Tuesday, September 20, 2005
Geog 316 journal - Disturbance at Steep Ravine
Jill and I spent last Friday night at the Steep Ravine cabins in Mt Tamalpais State Park. From the title you probably think this is about the mouse that ate all our hot chocolate but alas I'm going to ponder the coastal bluff scrub. So if you've been to Steep Ravine you know that the cabins are actually on an old alluvial deposit and to the north and south are steep cliffs. I noticed a lot of what I think is coastal bluff scrub (cbs) clinging to cliffsides and was wondering at what point of succession is this community.
It's apparent that there's a lot of mass wasting happening here and with that a clearing of the vegetation. So is cbs the expression of a primary successional phase? If so this is complicated by the fact that cbs is fairly limited in California - likely an endemic. So is this physical barrier of cliffside erosion contributing to the endemism of cbs? And what if the coastal erosion stopped, would cbs be succeeded by something else? Or is cbs the climax community? Overall I think the Gleason model is probably more appropriate for this community.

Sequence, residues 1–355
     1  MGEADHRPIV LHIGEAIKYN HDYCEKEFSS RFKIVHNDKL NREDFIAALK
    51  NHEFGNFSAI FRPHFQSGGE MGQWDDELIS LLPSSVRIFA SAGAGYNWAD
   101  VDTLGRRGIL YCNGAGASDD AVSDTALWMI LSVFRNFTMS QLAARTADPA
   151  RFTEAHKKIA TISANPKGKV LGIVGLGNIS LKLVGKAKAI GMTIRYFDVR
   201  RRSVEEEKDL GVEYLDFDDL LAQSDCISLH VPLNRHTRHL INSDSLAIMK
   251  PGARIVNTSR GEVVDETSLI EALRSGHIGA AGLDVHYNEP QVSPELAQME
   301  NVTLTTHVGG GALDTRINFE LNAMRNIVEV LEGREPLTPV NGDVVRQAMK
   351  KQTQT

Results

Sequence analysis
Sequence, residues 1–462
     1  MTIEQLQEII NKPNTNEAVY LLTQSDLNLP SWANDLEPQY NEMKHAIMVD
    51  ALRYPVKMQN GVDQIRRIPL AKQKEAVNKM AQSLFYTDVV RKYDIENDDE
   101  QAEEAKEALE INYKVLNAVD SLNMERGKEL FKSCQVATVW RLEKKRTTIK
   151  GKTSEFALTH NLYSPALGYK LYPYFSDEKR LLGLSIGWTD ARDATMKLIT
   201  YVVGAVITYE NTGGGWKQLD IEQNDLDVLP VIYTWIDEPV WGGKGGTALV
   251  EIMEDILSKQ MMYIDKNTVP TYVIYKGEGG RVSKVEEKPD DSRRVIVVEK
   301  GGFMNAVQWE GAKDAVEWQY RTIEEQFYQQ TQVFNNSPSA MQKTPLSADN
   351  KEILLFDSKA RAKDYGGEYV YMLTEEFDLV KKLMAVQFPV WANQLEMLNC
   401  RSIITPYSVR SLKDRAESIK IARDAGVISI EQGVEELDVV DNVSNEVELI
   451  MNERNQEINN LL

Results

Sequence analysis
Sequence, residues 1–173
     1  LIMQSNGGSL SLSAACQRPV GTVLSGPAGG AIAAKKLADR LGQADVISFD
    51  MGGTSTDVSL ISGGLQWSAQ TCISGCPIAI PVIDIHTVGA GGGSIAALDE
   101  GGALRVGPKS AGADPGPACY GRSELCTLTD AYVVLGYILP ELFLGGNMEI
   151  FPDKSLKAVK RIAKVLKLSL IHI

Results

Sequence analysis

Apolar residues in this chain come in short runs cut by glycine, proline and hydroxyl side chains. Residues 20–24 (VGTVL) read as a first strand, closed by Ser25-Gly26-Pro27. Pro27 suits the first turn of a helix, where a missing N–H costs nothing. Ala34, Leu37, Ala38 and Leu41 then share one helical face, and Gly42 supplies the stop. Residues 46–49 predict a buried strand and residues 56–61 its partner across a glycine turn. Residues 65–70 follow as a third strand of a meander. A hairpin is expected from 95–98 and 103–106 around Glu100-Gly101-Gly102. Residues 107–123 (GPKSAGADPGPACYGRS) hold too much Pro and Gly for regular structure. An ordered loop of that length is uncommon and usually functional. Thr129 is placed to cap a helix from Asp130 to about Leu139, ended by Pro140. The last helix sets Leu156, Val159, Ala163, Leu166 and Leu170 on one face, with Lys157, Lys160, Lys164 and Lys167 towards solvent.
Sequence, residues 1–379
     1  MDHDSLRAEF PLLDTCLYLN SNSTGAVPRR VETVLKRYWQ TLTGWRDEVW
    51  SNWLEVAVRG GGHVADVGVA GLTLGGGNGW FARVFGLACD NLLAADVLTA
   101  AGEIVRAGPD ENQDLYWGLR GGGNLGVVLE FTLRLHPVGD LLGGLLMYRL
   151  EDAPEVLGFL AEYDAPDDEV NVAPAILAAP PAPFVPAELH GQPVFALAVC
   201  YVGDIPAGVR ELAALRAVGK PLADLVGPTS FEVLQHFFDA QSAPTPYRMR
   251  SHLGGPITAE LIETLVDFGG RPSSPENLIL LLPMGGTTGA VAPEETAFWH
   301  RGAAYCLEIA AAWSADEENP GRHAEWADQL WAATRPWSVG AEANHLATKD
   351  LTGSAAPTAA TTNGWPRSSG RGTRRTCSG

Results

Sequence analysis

Just a quick note about invasive, on a fresh slide just to the north the pampas grass was doing a great job at getting established. It would easy to imagine the cbs being overtaken by this plant in the not so distant future.
Posted by Matt Merrifield at 8:59 PM